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What is catfishing?

Catfishing is when someone pretends to be someone they’re not, using social media to create false identities. Catfishing is often used to pursue deceptive online romances.

Why is catfishing dangerous?

Catfishing could lead to the dissemination of your personal information online, used in financial crimes or by a sexual predator leading to assault. Catfishing endangers your health by stripping away your anonymity and putting your mental and physical well-being at risk of being abused.

Catfishing at Tufts University:

Recently, many Tufts students have been filing reports of catfishers who are claiming to be Tufts students. People posing as Tufts students have met up with actual Tufts students, with the goal of hooking up. While the Tufts students filing the reports have thus far been able to leave the situation unharmed, albeit frightened, we must be aware of the growing frequency of catfishing and be proactive about student safety in order to prevent student harm.

What can you do to keep yourself safe?

  • Be careful about what personal information you give out to anyone online. You never know where that information might end up. There are always ways to be vague about personal details; for example, you can say, “I live in the Tufts area,” instead of giving your exact location.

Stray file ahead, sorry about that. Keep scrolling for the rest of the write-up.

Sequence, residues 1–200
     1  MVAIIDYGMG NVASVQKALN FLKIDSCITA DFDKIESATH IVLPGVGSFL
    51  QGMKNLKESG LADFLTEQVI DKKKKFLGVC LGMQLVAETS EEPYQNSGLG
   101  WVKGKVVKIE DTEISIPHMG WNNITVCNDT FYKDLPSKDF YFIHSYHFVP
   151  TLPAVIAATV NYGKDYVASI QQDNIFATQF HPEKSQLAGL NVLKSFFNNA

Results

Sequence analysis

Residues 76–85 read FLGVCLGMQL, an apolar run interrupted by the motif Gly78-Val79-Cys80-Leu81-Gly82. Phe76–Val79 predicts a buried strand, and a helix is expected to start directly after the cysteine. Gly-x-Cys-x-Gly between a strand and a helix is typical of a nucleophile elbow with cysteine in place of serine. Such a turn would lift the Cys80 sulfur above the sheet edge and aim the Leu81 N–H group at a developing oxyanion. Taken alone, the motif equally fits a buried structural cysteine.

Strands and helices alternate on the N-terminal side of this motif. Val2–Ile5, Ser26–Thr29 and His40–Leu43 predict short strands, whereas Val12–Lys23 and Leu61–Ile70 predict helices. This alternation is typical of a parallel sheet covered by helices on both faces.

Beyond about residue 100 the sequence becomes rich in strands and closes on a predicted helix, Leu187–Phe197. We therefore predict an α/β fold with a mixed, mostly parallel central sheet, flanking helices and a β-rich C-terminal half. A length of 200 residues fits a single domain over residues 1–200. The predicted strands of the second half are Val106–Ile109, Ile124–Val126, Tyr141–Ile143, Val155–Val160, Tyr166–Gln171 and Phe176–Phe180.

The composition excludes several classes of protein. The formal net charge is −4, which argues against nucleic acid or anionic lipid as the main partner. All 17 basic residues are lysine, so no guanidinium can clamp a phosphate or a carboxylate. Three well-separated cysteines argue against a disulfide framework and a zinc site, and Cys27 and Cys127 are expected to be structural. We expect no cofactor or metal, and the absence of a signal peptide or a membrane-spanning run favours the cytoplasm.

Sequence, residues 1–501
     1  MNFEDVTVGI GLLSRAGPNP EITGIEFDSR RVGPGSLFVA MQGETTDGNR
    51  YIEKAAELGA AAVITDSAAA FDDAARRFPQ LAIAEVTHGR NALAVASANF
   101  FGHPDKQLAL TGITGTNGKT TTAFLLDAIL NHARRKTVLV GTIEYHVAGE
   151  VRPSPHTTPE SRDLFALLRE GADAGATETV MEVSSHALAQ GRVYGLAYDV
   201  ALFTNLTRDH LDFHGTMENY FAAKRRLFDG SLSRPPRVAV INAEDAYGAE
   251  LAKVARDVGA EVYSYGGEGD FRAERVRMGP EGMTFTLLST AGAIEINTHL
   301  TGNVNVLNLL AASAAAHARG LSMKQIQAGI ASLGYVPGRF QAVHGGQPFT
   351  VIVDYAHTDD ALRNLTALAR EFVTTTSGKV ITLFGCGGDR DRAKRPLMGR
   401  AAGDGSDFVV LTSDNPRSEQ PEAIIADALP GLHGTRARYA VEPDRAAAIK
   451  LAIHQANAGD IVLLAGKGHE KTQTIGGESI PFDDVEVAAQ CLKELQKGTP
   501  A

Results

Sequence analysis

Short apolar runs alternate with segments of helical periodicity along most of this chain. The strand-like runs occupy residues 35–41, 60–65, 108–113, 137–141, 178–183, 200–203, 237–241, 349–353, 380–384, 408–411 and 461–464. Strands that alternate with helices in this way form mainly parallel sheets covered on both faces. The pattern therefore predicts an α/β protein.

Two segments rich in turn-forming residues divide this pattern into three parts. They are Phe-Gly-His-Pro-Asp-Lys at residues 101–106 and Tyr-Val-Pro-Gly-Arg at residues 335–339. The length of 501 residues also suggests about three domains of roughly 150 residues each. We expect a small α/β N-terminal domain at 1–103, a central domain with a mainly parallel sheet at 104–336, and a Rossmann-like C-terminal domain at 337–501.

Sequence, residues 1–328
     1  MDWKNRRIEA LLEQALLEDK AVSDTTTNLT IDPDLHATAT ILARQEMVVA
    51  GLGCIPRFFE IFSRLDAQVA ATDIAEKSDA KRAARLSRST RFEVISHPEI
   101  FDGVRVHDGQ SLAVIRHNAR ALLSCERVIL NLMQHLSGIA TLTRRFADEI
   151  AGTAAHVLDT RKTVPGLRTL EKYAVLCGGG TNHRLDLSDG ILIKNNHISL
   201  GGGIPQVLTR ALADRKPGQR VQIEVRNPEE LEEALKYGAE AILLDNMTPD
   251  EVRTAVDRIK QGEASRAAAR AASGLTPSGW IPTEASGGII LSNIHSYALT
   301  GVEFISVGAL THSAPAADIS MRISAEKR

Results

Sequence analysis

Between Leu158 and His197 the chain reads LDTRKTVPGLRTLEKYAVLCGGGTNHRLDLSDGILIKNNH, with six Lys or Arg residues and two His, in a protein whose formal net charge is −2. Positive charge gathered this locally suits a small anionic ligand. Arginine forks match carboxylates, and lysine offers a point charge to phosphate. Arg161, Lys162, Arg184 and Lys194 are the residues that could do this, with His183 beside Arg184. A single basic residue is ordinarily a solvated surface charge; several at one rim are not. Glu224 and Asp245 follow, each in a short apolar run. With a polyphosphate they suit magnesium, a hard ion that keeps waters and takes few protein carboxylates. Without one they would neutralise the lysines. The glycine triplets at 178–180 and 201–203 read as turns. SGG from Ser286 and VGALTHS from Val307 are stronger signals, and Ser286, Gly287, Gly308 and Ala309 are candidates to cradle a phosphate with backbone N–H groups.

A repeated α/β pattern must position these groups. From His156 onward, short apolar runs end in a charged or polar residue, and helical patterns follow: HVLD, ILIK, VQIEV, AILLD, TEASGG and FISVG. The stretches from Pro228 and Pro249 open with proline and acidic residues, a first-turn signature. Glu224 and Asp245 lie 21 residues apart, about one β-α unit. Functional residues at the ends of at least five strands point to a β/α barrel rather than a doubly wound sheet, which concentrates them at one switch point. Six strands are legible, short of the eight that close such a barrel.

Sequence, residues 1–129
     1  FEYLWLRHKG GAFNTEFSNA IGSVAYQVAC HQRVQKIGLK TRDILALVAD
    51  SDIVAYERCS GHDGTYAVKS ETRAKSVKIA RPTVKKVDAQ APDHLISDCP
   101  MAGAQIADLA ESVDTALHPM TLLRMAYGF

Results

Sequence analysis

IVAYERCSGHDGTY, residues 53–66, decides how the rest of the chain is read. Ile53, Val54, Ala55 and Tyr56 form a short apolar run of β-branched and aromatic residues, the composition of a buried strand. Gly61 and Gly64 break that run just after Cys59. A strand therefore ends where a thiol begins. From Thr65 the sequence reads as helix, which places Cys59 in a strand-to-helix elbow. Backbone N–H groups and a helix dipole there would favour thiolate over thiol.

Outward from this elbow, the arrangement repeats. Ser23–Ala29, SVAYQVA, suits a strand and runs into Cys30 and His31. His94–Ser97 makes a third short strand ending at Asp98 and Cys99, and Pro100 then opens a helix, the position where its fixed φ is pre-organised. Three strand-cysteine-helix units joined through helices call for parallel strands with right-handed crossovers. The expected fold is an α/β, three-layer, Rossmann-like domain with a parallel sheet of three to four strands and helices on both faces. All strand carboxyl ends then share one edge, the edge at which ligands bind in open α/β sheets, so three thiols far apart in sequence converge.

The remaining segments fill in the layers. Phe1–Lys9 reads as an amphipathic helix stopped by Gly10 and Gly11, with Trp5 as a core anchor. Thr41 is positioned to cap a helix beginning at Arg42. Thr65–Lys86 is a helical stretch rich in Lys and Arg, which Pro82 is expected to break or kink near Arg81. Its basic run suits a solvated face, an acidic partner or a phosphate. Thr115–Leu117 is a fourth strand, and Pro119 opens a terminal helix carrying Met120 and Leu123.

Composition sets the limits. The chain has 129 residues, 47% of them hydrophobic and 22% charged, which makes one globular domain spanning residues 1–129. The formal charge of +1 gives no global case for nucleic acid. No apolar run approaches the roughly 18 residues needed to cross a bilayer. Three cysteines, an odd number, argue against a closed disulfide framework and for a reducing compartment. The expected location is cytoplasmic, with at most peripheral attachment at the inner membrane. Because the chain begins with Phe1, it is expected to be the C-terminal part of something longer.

• Google whomever you are talking to. Sometimes, it is just a simple Google search that can show that the person you are connecting with does not actually exist.
  • Verify Tufts identity. Ask questions about specific professors you’ve had in the past or other Tufts-specific information that only a Tufts student would know.
  • Set all of your online privacy settings to as private and secure as possible on each of your social media sites and dating apps.
  • Be aware and increase others’ awareness. Talk to your friends and acquaintances. Make sure they know that catfishing has been occurring on Tufts campus and that it is possible the person they are talking to online might not be who they say they are.
  • Understand the false sense of security and blind trust that social media can instill. Because social media sites often suggest friends or dating matches based on your friends’ friends, you might automatically assume someone is who they say they are, when this isn’t necessarily the case.
  • Treat your online relationship the same as you treat in-person ones. If you were approached in a store by a stranger, would you give them the same information you would give to a friend whom you know? Think of your online relationships as this stranger in the store.
  • Report any suspicious conversations or any catfishing incidents to the Tufts police immediately. You can do this at http://publicsafety.tufts.edu/police/report-a-crime/, or you can call (617) 627-3030. You can also file a report anonymously. Do not be afraid to report your experiences; chances are, if a perpetrator is targeting you, they are targeting another Tufts student, and you have a chance to play a role in danger prevention.
  • Trust your gut!

Confidential Services

If you want to talk to someone confidentially, please contact:

Alexandra Donovan, Sexual Misconduct Prevention Specialist
617-627-5140 | Alexandra.Donovan@tufts.edu

–or–

Nandi Bynoe, Sexual Misconduct Resource Specialist
617-627-0765 | Nandi.Bynoe@tufts.edu | Dowling 701F